Dal on a mission in Brazil

Agreements to be signed with Brazil’s top research universities

- April 25, 2012


Dalhousie plans to be big in Brazil.

Dalhousie President Tom Traves will be raising our profile during his first trip to the world’s fifth most populous country, from April 25 to May 2, where he will sign new research partnerships and scholarship agreements with Brazil’s top research universities.

The agreements cap several years of hard work by Dal faculty. They recognize existing research projects with Brazilian connections–in fields like marine science, engineering, agriculture, health and computer science–and open the door for new projects in other scientific areas.

“We have very, very good conditions to build strong, sustainable partnerships with Brazilian institutions,” says Alain Boutet, Dalhousie’s executive director for international relations, who will accompany the President to Brazil. “Many of these connections already exist and we are trying to formalize it to develop well-rounded partnerships.”

Led by Canada’s Governor General, His Excellency the Right Honourable David Johnston, Dr. Traves travels with thirty other Canadian university presidents in the largest higher education mission ever organized by the Association of Universities and Colleges of Canada (AUCC).

The AUCC mission is a reaction to the Brazilian government’s $2.02 billion (US) investment in science education in 2011. A Brazilian government program, Science Without Borders, is sponsoring 75,000 students to study and conduct research at universities around the world over the next 3-4 years.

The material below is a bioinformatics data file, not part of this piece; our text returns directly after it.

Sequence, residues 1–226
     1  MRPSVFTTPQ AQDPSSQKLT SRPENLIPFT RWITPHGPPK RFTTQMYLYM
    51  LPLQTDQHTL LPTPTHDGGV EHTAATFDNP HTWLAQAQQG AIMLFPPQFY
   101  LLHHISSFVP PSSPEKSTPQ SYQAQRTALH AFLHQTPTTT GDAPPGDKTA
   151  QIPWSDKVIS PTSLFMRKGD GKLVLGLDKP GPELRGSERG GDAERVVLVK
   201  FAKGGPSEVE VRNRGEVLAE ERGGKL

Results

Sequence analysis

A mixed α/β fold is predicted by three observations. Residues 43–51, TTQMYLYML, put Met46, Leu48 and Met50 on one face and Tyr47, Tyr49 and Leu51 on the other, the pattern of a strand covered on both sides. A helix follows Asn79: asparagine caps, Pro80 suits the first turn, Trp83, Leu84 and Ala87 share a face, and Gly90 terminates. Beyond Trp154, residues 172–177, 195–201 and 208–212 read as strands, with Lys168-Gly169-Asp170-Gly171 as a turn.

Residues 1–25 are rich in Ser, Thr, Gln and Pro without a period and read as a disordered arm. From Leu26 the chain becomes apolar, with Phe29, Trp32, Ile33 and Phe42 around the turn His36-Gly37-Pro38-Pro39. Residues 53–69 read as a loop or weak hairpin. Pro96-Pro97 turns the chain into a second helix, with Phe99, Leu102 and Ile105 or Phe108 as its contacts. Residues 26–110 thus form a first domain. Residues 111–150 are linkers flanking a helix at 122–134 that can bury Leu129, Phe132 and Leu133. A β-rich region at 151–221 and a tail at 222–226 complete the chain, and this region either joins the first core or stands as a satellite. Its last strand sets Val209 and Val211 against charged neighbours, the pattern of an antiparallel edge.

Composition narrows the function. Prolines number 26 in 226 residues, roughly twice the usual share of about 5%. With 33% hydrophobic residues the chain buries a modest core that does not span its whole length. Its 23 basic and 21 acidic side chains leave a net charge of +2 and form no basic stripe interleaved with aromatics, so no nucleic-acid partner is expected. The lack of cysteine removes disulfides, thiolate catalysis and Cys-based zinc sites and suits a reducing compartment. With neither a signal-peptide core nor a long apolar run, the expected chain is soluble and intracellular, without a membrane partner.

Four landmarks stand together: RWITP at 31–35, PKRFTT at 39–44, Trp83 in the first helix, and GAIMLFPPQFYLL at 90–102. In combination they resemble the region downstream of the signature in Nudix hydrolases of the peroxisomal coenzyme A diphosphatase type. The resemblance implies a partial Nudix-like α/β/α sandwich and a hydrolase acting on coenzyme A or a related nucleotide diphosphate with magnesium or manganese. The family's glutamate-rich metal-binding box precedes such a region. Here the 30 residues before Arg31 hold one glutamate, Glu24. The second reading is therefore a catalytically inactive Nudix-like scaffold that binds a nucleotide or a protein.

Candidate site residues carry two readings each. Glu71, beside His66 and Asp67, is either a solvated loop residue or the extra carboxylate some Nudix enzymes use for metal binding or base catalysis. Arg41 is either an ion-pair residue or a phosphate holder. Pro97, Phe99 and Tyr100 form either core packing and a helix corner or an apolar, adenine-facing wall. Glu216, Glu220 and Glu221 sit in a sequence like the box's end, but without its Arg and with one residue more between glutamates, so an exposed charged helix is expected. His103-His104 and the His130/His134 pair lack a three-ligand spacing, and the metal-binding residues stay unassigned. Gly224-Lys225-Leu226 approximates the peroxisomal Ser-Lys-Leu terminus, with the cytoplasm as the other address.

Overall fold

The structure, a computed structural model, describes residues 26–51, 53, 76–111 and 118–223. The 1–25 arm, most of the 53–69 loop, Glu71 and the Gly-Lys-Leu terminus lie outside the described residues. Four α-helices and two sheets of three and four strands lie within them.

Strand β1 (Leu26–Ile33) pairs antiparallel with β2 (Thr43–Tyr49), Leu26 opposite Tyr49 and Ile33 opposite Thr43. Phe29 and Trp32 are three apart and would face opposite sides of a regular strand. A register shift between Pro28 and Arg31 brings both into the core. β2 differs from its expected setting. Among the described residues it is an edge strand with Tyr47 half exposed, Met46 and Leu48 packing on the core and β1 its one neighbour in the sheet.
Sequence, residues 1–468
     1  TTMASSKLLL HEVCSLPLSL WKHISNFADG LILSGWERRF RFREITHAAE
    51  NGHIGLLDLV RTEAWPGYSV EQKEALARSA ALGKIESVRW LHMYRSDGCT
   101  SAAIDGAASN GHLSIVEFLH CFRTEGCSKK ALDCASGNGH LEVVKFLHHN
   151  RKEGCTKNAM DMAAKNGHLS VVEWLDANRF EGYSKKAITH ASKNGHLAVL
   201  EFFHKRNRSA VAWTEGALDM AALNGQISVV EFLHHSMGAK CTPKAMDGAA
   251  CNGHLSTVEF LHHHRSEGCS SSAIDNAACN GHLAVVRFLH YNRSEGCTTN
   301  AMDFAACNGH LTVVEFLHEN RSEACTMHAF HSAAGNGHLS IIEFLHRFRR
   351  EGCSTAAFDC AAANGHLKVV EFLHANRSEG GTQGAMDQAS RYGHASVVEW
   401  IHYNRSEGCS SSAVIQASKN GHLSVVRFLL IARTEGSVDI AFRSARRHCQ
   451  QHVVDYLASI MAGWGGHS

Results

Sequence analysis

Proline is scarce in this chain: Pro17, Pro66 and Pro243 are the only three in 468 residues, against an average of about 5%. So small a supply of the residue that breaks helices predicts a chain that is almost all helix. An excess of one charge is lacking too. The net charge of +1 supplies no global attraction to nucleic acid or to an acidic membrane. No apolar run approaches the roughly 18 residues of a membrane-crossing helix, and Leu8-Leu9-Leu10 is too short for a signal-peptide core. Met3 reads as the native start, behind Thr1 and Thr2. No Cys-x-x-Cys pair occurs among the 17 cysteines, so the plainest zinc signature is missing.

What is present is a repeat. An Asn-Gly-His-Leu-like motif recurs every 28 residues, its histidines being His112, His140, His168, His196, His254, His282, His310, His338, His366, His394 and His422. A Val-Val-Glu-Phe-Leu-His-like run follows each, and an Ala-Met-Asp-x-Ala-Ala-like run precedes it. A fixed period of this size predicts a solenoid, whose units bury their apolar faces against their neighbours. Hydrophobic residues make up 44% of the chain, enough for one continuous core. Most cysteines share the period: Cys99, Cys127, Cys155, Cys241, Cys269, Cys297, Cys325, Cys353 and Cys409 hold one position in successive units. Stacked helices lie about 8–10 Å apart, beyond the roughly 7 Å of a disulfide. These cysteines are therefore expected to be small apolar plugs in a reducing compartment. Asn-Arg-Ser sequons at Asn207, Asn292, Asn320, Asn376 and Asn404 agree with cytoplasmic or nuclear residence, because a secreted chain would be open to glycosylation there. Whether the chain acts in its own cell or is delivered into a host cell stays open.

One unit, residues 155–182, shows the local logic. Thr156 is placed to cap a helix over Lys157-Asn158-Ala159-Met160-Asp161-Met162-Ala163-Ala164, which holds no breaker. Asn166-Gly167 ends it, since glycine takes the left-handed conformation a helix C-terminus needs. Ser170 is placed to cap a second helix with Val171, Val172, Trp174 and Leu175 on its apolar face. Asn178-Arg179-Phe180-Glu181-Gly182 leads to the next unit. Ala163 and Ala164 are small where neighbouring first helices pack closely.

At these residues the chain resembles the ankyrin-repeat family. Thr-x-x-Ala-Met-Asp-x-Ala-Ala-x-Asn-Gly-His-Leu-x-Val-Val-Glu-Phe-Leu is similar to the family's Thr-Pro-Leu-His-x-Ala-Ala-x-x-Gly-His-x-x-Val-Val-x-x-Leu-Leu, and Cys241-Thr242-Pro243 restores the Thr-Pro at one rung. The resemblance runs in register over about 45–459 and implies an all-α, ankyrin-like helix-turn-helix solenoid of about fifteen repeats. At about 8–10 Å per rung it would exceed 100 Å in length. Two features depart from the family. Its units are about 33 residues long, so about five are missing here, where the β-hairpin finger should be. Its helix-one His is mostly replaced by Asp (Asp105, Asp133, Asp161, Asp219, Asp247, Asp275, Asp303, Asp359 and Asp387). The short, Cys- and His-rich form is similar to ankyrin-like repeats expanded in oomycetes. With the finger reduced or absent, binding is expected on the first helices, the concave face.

As American, European and Canadian universities compete to attract Brazilian students at the undergraduate, graduate and postdoctoral levels, the AUCC estimates at least 3000 students will study in Canada over the next four years.

Dr. Traves will attend a press conference, deliver a speech and sit at round table discussions with other university presidents. Most importantly, he will sign agreements with the following six universities:

  • University of Sao Paolo
  • State University of Sao Paolo
  • University of Campinas
  • Catholic University of Rio de Janeiro
  • Pontifical Catholic University of Rio Grande do Sul
  • Federal University of Rio Grande do Sul

Twenty-five per cent of this recruitment drive comes from CALDO, a consortium of research-intensive Canadian universities. Given our research strength, and membership in CALDO, Dal stands to attract many new students from Brazil, but Dr. Boutet is quick to emphasize that travel opportunities will open up in both directions with these new agreements.

“It will also give our students the opportunity to go to Brazil to study, to learn the language and to experience another culture.”

So Dal students can start planning research projects that will take advantage of these agreements.

Expect more in DalNews on the impact of these agreements on the Dal community in the coming weeks, after Dr. Traves return.



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